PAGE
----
Mr. Guterres did not directly address the heat wave punishing much of Europe, but his comments came as swaths of the continent faced dangerously high temperatures on Monday, spurring wildfires in some areas.

Well, Mr. Guterres is a native of Portugal. He is fully aware that the number of heat deaths from the recent heat wave in Spain and Portugal approached 2,000. He gave us a choice between collective action and collective suicide—the same one that I have posed since the beginning of this blog. This is almost equivalent, if we go back to a biblical scale, to the idea that the absence of collective action indicates that a flag is rising to invite us all to hell. I will obviously return to this issue in future blogs.

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Campus as a Lab: Part 1

diagram of connections between campus operations, research, curriculum, institutional sustainability, and living laboratoriesSource: Rutgers Living Laboratories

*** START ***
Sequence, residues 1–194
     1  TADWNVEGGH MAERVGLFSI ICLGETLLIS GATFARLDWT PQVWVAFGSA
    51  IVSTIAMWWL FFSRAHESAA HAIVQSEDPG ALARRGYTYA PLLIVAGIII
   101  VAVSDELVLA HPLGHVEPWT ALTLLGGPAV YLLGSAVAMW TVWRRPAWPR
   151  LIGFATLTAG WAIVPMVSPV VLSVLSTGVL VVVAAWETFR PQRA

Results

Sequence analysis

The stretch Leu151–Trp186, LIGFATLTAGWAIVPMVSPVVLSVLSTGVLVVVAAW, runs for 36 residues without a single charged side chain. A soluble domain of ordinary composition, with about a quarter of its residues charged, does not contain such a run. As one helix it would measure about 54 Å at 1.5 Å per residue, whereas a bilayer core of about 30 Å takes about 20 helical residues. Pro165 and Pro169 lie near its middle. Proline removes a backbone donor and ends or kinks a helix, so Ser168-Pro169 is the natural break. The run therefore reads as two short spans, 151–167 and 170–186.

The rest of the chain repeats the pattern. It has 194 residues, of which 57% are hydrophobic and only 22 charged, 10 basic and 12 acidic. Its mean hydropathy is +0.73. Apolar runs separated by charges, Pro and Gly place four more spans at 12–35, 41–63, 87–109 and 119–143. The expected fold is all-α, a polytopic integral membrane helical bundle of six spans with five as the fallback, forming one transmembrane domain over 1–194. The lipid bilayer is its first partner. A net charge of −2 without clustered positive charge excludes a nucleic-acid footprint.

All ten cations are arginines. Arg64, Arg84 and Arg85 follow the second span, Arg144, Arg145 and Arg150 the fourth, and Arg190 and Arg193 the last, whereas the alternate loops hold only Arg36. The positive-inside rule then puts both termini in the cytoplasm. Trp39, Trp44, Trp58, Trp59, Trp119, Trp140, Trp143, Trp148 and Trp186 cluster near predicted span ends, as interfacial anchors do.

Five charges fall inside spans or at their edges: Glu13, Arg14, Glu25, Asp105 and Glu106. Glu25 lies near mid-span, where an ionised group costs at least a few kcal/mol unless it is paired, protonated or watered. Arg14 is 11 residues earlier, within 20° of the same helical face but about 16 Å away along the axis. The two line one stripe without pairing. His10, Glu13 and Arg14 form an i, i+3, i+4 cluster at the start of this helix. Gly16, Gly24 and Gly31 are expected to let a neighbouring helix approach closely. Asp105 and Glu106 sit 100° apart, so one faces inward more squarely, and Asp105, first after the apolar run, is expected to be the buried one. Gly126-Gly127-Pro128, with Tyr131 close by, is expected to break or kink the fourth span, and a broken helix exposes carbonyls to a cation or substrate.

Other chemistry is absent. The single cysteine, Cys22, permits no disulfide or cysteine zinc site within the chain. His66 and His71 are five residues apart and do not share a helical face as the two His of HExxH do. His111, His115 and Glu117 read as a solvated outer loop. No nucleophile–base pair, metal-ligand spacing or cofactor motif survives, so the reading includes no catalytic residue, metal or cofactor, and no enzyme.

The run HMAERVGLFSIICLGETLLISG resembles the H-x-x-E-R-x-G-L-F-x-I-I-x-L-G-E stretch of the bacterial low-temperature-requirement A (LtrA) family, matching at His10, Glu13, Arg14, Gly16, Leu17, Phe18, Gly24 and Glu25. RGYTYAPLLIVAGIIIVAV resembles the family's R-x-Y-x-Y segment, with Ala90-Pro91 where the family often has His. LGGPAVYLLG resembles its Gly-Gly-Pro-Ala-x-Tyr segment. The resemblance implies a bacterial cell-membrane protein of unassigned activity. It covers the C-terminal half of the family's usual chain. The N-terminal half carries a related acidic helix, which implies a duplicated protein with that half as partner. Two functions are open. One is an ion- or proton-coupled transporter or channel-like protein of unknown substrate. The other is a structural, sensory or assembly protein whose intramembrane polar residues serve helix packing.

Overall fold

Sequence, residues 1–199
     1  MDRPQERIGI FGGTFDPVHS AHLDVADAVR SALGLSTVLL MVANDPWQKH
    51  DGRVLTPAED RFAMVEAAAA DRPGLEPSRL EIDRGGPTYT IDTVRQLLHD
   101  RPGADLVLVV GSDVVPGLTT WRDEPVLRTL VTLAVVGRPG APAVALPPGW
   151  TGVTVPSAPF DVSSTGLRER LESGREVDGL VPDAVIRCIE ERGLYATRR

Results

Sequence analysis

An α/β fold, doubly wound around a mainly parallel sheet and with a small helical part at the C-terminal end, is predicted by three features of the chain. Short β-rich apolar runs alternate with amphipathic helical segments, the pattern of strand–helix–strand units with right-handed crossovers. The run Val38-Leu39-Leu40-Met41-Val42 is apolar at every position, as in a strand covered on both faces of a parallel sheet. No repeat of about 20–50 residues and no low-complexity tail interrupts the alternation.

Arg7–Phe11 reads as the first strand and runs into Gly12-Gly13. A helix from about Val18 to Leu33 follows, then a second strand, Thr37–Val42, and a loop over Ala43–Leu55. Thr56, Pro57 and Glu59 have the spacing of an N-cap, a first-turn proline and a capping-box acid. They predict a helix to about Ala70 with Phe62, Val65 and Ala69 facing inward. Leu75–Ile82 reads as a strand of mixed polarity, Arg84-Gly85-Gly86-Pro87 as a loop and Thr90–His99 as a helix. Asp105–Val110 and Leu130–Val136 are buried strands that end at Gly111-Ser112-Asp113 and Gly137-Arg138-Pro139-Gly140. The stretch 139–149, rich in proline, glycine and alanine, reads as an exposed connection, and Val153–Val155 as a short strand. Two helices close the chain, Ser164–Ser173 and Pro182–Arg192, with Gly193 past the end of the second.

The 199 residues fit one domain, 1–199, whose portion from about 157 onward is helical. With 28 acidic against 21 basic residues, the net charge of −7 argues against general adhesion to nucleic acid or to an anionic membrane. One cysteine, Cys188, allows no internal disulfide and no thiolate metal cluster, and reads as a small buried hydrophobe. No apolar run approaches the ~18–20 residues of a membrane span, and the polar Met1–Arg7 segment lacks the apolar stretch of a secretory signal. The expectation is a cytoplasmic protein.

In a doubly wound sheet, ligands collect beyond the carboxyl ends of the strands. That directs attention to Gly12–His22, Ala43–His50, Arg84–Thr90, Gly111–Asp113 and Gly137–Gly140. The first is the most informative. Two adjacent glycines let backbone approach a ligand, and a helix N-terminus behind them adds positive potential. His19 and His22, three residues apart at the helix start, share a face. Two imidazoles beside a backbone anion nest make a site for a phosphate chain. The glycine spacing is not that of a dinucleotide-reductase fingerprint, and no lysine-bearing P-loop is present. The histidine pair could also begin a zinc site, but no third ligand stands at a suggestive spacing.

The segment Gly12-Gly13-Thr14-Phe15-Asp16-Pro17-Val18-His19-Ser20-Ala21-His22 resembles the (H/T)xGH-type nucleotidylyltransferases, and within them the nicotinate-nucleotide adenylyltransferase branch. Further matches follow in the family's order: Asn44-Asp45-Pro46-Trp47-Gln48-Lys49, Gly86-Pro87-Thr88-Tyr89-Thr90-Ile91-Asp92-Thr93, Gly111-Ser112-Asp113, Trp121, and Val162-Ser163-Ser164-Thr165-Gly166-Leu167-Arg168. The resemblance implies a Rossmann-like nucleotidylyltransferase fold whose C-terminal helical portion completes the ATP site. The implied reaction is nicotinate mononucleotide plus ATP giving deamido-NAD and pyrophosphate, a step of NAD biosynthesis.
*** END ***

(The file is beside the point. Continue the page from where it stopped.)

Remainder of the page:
Campus as a lab (CAL) is becoming a teaching and organizational tool across campuses. I am including a schematic diagram of the dynamics of the concept, taken from the Rutgers University site, above. If you Google “Campus as a Lab,” you will get a handful of results but if you Google “College as a Lab,” you’ll only get a single entry. I am using the two terms interchangeably for reasons that I will elaborate on next week. In this blog, I will summarize aspects of the efforts taken at a few randomly selected campuses; next week, I will summarize some of my thoughts about its implementation elsewhere.

Here’s the general concept, taken from Campus as Living Lab.org: